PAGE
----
Required minimum distributions (RMDs) will be enforced for 2021 after being waived for 2020. In addition, the RMD age changed to 72 from 70½ (as of 2020) and there are new IRS life expectancy tables used to calculate those yearly withdrawals, which will be in effect for 2022.
RMDs apply to 401(k) plans — both traditional and the Roth version — and similar workplace plans, as well as most individual retirement accounts (Roth IRAs have no required withdrawals until after the account owner’s death).
If you had hit age 70½ before 2020, RMDs kicked in at that point. If you reached (or will reach) that age in 2020 or later, you get more time: Those withdrawals are required to start at age 72.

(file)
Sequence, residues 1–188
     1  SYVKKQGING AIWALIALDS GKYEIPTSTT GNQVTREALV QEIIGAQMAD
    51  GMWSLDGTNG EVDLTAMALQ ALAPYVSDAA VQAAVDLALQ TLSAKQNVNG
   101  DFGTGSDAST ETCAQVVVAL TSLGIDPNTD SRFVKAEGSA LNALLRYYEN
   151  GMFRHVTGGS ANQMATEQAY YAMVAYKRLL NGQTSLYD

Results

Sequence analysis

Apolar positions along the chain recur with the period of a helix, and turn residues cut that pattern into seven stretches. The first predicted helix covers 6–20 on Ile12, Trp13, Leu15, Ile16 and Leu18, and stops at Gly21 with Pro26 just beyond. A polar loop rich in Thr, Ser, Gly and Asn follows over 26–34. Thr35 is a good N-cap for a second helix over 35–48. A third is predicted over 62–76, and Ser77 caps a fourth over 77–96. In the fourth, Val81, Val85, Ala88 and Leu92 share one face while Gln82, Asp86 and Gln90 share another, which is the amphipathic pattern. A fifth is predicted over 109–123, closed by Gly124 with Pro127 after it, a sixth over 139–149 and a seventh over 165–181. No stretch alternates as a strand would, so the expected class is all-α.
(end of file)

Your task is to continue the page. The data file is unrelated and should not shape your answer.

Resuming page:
You can delay your first RMD until as late as April 1 of the year following the one in which you reach the RMD age. In all subsequent years you must take the required amount by Dec. 31. If you don’t make those RMDs, you could face a 50% penalty.
However, if you’re working and contributing to a retirement plan sponsored by your employer (and don’t own more than 5% of the company), RMDs do not apply to that particular account until you retire.
For inherited IRAs, 401(k) plans or other qualified retirement accounts, the balance must be entirely withdrawn within 10 years if the owner died after 2019, unless the beneficiary is the spouse or other qualifying individual. The 2019 Secure Act eliminated the ability of many beneficiaries to stretch out distributions across their own lifetime if the original account owner died on Jan. 1, 2020, or later.